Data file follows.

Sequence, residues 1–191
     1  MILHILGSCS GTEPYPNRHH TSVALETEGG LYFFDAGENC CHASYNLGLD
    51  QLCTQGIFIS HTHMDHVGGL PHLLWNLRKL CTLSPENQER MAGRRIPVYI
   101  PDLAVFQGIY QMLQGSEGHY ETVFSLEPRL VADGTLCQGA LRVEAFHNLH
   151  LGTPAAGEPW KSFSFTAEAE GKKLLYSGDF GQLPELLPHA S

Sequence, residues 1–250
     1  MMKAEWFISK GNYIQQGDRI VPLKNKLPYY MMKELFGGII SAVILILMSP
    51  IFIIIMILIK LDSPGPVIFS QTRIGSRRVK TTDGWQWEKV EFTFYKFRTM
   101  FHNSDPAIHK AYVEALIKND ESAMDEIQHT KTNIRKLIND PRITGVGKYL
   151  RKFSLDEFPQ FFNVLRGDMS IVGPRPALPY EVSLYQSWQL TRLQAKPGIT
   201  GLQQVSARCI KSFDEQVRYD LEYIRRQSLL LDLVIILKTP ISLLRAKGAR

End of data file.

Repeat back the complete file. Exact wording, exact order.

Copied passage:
Sequence, residues 1–191
     1  MILHILGSCS GTEPYPNRHH TSVALETEGG LYFFDAGENC CHASYNLGLD
    51  QLCTQGIFIS HTHMDHVGGL PHLLWNLRKL CTLSPENQER MAGRRIPVYI
   101  PDLAVFQGIY QMLQGSEGHY ETVFSLEPRL VADGTLCQGA LRVEAFHNLH
   151  LGTPAAGEPW KSFSFTAEAE GKKLLYSGDF GQLPELLPHA S

Sequence, residues 1–250
     1  MMKAEWFISK GNYIQQGDRI VPLKNKLPYY MMKELFGGII SAVILILMSP
    51  IFIIIMILIK LDSPGPVIFS QTRIGSRRVK TTDGWQWEKV EFTFYKFRTM
   101  FHNSDPAIHK AYVEALIKND ESAMDEIQHT KTNIRKLIND PRITGVGKYL
   151  RKFSLDEFPQ FFNVLRGDMS IVGPRPALPY EVSLYQSWQL TRLQAKPGIT
   201  GLQQVSARCI KSFDEQVRYD LEYIRRQSLL LDLVIILKTP ISLLRAKGAR